According to this archaeo-blogger, "numismatics" should instead be regarded as an academic discipline carried on by those who have degrees in that subject, or in archaeology and related disciplines, and contribute by presenting papers at academic or archaeological conferences relating to numismatics.  He goes on to say: "The problem is that elsewhere, and in the US particularly (but not exclusively) mere coin collecting is also called "numismatics". Dealer Dave Welsh wants coin selling to also be called "numismatics". I suppose a parallel would be stamp collecting which its practitioners call "philately". But just using a catalogue to put rectangles of paper with colourful pictures of butterflies (or round pieces of metal with blurred pictures of Roman emperors) in order in an album/coin folder or tray is not really any kind of "study" and any "methodology" of this kind of ordering is the most primitive."

I can only observe that a great many real numismatists will regard these remarks as an almost incredible intersection of arrogance and ignorance.

********************Update 7/4/2015******************

David Knell, a supporter of the agenda of the archaeoblogger referred to above, has taken umbrage at my views on qualifications and blogging ethics:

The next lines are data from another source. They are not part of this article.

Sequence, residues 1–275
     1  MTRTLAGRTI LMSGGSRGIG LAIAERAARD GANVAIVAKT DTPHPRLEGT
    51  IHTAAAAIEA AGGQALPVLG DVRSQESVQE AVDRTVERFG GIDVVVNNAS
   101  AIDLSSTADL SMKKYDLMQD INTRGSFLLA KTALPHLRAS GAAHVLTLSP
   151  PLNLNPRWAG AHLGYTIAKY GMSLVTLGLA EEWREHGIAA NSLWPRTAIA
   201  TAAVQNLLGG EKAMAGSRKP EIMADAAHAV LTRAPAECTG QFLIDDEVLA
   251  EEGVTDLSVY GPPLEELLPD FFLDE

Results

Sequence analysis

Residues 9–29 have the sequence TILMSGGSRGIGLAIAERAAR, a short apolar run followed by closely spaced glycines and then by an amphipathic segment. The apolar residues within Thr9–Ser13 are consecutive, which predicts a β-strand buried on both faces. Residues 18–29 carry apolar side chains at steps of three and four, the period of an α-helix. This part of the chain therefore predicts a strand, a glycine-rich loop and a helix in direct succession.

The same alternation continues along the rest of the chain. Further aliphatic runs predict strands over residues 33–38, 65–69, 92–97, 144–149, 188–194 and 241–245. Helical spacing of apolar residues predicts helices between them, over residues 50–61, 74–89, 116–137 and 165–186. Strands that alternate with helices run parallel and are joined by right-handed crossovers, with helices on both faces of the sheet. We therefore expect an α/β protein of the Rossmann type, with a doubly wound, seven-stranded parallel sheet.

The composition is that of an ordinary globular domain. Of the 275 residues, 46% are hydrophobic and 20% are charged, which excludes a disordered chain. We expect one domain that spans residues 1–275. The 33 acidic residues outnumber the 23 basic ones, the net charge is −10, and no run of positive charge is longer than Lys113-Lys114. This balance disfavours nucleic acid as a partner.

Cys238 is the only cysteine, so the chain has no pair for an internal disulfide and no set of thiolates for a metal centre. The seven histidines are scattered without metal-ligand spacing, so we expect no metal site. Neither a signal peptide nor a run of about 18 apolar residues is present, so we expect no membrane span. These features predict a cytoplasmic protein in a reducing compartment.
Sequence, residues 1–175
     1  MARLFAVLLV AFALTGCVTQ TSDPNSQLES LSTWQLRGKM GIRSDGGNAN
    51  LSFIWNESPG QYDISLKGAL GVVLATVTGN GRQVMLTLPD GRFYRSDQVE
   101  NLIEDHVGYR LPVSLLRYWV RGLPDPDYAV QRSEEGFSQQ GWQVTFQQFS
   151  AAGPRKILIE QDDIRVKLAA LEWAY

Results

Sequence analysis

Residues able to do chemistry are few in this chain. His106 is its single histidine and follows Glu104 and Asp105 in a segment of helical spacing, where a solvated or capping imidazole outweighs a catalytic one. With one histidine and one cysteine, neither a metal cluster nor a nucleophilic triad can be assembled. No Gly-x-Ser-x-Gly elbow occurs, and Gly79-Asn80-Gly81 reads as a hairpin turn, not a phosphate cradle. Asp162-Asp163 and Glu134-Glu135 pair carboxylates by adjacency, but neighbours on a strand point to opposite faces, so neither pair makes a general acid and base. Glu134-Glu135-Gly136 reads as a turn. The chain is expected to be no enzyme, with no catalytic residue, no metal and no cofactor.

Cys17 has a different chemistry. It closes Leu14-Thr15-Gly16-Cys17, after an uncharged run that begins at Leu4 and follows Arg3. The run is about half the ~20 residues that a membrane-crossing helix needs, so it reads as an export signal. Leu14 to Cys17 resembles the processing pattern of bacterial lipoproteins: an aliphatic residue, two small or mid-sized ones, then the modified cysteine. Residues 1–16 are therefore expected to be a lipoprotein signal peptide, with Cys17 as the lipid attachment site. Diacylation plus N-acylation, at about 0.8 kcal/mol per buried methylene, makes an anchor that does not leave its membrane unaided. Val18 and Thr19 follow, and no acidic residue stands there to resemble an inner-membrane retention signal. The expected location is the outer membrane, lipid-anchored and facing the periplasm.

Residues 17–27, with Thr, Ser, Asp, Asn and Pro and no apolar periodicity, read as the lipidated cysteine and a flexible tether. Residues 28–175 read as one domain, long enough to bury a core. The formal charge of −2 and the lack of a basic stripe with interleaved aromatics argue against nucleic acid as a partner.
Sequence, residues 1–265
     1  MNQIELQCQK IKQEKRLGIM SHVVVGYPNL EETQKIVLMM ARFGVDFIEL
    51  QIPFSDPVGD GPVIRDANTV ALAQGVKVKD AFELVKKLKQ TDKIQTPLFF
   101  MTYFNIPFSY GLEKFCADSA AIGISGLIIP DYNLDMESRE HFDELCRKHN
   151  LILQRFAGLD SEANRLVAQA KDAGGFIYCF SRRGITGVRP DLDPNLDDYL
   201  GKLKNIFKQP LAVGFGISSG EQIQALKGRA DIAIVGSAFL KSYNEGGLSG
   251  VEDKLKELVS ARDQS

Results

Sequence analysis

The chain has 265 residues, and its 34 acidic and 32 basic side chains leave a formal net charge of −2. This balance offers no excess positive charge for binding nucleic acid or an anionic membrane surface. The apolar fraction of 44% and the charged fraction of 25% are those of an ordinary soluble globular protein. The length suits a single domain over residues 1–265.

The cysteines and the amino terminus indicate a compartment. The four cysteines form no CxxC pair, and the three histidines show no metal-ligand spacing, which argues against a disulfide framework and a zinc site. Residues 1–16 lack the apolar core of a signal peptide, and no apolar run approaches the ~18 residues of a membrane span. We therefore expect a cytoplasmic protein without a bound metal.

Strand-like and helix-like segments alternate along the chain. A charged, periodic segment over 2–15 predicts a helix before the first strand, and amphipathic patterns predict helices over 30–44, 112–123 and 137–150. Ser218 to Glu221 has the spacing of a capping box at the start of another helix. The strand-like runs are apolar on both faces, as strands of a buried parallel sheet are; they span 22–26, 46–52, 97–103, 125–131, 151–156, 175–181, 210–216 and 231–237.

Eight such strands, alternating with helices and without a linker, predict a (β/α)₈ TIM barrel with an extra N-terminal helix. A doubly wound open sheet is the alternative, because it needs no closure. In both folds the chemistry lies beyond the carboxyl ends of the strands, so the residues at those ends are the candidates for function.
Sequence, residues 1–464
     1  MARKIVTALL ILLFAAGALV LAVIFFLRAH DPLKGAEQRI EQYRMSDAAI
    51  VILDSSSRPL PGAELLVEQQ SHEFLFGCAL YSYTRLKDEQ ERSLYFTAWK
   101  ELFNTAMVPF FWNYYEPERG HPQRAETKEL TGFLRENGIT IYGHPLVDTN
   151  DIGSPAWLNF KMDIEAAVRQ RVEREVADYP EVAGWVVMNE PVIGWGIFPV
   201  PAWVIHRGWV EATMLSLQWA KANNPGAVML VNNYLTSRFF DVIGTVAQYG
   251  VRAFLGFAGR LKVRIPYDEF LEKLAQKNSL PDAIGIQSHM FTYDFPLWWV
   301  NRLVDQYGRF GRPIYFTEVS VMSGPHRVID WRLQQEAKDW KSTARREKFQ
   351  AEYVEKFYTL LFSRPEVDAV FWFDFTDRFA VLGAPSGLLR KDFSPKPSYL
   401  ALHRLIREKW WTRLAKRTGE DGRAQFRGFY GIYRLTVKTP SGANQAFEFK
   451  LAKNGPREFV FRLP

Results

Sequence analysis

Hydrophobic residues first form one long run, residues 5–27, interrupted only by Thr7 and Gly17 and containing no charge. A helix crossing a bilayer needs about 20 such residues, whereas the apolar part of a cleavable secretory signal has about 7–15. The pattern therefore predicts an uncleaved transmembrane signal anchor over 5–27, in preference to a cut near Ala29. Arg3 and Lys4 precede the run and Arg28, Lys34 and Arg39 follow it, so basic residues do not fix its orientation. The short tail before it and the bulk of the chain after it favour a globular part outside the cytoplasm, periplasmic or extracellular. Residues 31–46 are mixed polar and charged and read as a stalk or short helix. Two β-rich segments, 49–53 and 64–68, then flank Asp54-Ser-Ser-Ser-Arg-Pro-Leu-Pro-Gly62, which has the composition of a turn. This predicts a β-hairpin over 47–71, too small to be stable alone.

It is very interesting, and somewhat puzzling, to observe that he regards a call for this archaeoblogger to publicly disclose his credentials as an archaeologist, as amounting to a personal attack on his credentials. Now, how could such a call be regarded as an attack on those credentials, unless there is some reason why they will not stand the light of day?

I did not really imagine that such could be the case, although John Howland indicated such a suspicion in his comment on this post.

My concern was rather that the public, seeing this archaeoblogger's identification of himself as an "archaeologist," may imagine him to be a peer of luminaries such as Lord Renfrew and Roger Bland, and ought to be able to accurately assess for themselves his education, professional experience, political philosophy and motives.

Then Mr. Knell went on to sarcastically characterize my approach toward managing comments to this blog as being "pompous." He ended by saying:
"Ah, and there was innocent 21st-century me, naively thinking a blog was just a blog."
Perhaps Mr. Knell does not notice pomposity or arrogance in this archaeoblogger's blog utterances, however others do, and it is quite clear that this "archaeologist" does not envision his venue as being "just a blog," but instead as a forum for conducting a crusade (some might go so far as to characterize it as a jihad) against antiquities collecting and metal detecting. As such, it has become widely known and in the opinion of many opponents of antiquities collecting, important.

Given the combative tone of the archaeoblogger's comments toward which my comments policy statement was directed, it was important to explain to other commenters why I had allowed those comments to be published.

Thursday, June 18, 2015

The Decline and Fall of the PAS